2016 Presidential hopeful Jeb Bush announced he will not completely rule out the use of torture as an interrogation technique. Bush said that though the method was inappropriate, there were circumstances where the use of such tactics would be necessary for the safety of the American people, though he refused or conveniently chose not to state when that would be the case.
Bush was speaking before an Iowa audience organized by Americans for Peace, Prosperity and Security, a group chaired by former Republican Mike Rogers. Bush was responding to a question on whether he would continue President Barack Obama’s standing order banning the CIA’s use of enhanced interrogation techniques.
“I don’t want to make a definitive, blanket kind of statement,” he said. Though acknowledging that the methods were largely “inappropriate”, Bush refused to rule out their use if he was President, saying that in some circumstances, the measures would be necessary for the safety of the American people.
“That’s why I’m not saying in every condition, under every possible scenario,” he added.
Torture as an interrogative technique was largely banned by Jeb’s older brother, former President George W. Bush, towards the end of his tenure. President Barack Obama enforced an executive order banning the CIA’s use of the enhanced techniques on Al Qaeda operatives.
A 2014 Senate report indicated that the CIA had been using waterboarding, nudity, humiliation, sleep deprivation and other inhumane methods of questioning to get information from their prisoners. The methods could not be used by the U.S. military on their prisoners of war under international law. The report also added that the methods were ineffective, with no information that would enhance America’s safety being divulged.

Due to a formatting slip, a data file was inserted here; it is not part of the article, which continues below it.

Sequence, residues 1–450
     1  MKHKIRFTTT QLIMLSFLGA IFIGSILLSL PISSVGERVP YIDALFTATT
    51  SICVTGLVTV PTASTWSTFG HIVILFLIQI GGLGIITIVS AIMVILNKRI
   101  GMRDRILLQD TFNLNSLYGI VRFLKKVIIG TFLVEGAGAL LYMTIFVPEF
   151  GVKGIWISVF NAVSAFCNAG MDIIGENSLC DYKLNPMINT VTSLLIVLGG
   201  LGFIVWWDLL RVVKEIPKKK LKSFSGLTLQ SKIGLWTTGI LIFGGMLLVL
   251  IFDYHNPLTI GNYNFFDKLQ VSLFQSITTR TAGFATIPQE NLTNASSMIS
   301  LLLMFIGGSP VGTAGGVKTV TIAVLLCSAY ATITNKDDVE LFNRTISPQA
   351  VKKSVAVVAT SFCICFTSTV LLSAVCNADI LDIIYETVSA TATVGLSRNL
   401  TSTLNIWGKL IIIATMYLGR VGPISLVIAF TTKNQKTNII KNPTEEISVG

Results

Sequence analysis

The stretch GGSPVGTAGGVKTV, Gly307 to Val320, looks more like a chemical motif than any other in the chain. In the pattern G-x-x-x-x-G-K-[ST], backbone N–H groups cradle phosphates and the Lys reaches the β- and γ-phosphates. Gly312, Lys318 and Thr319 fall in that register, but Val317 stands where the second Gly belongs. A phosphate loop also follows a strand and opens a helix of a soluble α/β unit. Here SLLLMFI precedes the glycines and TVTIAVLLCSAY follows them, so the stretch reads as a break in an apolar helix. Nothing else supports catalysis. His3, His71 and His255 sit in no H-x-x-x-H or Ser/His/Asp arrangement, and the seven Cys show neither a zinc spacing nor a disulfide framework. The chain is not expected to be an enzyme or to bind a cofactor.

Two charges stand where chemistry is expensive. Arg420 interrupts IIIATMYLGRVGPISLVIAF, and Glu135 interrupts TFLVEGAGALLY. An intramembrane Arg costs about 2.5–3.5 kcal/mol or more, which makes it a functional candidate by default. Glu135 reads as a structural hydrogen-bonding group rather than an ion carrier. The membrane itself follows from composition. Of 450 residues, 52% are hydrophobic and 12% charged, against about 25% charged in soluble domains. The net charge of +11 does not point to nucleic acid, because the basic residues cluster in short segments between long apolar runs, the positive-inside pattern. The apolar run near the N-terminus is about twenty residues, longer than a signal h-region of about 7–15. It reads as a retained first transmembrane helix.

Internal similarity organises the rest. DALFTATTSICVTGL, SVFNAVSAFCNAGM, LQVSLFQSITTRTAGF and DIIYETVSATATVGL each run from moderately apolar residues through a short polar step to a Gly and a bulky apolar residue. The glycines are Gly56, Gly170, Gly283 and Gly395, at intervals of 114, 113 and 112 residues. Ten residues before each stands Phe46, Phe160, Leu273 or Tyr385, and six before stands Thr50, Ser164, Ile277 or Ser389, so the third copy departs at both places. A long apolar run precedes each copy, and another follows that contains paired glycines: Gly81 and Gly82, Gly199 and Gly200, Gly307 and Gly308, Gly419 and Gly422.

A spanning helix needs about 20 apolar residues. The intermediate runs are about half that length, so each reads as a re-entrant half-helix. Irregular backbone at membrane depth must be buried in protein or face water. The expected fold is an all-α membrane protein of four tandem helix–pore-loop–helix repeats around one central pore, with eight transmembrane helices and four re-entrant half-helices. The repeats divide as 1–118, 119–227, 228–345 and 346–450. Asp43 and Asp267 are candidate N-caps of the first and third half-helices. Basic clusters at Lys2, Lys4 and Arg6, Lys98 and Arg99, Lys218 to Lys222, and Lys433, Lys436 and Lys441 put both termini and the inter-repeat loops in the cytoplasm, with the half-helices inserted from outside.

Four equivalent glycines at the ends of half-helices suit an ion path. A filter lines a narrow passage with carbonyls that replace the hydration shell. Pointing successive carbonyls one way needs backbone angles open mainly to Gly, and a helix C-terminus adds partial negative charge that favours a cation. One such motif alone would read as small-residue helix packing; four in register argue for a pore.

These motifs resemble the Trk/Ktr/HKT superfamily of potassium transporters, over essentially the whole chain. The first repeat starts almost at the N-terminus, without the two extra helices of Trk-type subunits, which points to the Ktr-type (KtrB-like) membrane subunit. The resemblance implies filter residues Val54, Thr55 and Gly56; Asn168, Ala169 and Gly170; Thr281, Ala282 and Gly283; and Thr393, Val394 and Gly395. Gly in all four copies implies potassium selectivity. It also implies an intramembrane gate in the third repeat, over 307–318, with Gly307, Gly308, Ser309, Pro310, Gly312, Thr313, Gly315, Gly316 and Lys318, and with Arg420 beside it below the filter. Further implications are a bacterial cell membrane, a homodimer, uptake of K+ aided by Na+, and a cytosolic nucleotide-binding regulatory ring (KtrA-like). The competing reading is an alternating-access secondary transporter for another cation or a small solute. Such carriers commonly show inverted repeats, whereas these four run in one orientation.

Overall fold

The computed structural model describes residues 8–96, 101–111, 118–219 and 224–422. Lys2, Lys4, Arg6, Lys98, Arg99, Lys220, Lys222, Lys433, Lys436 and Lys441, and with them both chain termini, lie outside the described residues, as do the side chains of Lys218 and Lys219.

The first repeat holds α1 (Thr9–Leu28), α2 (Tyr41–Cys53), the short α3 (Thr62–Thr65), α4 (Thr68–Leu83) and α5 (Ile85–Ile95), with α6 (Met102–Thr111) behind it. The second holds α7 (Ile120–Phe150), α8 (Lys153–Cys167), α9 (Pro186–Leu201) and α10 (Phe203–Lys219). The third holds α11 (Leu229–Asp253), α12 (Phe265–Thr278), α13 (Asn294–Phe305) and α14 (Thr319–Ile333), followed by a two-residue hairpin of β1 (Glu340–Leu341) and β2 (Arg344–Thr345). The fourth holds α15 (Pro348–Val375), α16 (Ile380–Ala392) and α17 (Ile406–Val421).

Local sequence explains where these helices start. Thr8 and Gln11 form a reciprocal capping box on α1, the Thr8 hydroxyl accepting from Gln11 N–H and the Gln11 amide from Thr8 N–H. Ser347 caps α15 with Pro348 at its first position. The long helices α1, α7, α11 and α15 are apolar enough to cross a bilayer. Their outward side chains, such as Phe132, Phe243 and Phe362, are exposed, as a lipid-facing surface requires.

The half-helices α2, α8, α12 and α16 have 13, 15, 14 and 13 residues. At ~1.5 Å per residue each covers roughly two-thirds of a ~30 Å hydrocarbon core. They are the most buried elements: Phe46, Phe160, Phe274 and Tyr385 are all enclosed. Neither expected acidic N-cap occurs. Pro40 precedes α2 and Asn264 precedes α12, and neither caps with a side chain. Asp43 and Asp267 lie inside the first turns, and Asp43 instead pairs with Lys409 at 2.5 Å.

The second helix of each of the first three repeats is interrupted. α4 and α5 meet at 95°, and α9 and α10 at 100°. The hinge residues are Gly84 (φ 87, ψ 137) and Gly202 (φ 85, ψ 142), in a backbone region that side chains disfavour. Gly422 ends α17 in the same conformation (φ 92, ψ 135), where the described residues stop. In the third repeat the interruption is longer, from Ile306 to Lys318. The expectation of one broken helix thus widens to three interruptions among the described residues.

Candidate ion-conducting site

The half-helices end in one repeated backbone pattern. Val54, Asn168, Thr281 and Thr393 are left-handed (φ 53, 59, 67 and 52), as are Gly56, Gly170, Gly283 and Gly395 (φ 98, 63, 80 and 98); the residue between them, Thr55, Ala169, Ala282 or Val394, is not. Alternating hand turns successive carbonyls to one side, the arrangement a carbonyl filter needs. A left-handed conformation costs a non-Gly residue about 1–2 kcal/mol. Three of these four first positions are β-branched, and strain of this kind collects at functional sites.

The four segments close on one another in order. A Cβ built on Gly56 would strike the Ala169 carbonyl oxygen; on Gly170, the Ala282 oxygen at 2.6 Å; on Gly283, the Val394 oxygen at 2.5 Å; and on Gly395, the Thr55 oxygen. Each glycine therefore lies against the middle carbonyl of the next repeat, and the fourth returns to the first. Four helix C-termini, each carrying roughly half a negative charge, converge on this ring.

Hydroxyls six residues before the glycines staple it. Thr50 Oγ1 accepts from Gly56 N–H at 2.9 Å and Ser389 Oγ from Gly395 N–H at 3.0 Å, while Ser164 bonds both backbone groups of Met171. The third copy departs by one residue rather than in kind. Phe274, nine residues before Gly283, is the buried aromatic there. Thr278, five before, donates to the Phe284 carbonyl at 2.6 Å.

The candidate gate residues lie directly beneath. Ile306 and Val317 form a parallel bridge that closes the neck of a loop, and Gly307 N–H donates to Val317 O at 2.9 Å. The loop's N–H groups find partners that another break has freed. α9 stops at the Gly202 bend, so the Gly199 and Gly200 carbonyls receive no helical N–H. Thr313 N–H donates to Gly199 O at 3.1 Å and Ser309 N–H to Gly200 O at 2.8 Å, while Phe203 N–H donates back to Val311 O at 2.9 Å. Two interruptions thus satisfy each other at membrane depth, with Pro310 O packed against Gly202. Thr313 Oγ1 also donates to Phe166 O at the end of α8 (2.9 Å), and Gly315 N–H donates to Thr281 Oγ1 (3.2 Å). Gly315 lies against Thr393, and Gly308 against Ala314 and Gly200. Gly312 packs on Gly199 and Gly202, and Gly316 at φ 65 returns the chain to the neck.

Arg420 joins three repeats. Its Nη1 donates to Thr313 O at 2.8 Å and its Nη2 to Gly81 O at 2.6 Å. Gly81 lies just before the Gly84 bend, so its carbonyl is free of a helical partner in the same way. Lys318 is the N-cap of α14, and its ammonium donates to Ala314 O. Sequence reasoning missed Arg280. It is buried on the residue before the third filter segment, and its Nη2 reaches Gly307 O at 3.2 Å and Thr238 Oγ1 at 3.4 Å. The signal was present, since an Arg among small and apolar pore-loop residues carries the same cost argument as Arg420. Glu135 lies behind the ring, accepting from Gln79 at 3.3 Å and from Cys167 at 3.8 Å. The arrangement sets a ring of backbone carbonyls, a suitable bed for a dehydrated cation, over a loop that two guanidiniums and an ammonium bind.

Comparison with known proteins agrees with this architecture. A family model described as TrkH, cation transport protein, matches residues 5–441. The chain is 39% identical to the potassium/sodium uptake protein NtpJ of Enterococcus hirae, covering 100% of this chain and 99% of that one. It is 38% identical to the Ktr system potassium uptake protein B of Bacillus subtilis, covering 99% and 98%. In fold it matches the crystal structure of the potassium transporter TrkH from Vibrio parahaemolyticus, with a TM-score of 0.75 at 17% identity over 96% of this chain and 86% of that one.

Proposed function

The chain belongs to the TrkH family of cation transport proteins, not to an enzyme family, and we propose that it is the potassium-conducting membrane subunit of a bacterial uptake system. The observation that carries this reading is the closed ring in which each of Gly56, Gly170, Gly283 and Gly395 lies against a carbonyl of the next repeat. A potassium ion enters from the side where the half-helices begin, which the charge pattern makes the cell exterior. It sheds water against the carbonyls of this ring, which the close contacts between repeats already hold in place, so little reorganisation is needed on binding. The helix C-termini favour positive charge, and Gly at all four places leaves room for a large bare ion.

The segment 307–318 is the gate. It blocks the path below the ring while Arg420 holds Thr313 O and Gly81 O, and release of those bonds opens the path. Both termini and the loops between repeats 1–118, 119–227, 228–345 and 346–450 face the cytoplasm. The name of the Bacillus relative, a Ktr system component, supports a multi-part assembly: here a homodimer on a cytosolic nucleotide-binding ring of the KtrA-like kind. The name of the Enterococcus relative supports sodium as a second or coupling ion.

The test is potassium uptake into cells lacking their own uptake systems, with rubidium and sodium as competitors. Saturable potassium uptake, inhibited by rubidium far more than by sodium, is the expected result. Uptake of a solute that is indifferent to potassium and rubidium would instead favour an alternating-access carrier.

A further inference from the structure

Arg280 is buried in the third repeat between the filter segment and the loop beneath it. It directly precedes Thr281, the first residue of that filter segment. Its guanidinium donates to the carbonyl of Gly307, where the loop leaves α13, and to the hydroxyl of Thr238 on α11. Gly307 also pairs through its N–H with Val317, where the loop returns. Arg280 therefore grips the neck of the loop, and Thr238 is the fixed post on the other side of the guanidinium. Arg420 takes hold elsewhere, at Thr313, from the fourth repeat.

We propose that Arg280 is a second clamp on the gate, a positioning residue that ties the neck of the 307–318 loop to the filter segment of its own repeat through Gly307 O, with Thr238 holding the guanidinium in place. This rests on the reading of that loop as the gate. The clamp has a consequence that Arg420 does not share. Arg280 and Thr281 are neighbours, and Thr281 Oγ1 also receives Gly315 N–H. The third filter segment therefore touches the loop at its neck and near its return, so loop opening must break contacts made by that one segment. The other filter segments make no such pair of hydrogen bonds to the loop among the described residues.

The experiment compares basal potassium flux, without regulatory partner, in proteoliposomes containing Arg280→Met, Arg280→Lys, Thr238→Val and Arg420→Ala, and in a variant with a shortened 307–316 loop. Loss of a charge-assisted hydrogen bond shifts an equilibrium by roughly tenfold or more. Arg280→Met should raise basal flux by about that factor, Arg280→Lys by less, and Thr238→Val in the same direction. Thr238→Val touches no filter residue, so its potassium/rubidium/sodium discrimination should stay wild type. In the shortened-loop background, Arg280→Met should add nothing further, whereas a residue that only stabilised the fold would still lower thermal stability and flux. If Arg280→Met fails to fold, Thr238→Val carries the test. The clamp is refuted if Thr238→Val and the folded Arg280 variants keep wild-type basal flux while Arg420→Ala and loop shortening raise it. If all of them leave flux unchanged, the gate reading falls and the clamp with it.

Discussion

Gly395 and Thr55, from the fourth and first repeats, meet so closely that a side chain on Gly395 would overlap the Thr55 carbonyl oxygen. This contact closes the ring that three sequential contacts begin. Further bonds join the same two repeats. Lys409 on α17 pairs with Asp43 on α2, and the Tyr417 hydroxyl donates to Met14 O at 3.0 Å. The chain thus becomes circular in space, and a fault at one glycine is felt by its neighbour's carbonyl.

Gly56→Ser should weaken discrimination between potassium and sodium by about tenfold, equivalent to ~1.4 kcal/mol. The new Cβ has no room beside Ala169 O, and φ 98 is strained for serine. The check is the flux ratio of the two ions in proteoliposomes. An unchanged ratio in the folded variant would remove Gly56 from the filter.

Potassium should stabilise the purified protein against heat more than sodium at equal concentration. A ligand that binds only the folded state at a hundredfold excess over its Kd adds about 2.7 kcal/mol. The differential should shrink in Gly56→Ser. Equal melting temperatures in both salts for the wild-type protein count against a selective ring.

The report revealed that not only did the CIA lied about the methods they used while extensively grilling prisoners, they also chose not to disclose certain techniques they used to the public.
After his comments Bush said there was a difference between torture and enhanced interrogation techniques. He refused to elaborate on his interpretation of the difference and the extent to which he would allow it.
Foreign policy is quickly shaping up to be a hot issue on the 2016 race to the White House. Jeb Bush recently attacked Democratic frontrunner Hillary Clinton for supporting a “premature” departure from Iraq in 2011 as former Secretary of State, a move he says contributed to the emergence of the Islamic State.
Bush said he would not deploy additional troops into Iraq but he would authorize special operatives in form of “forward spotters” to help identify the enemy.
Bush approached the issue of torture carefully being that it was a particularly thorny issue for his elder brother in his last days on the hill. An undefined definition of torture could be interpreted to justify inhumane acts by the CIA, acts that could ultimately be used against American citizens.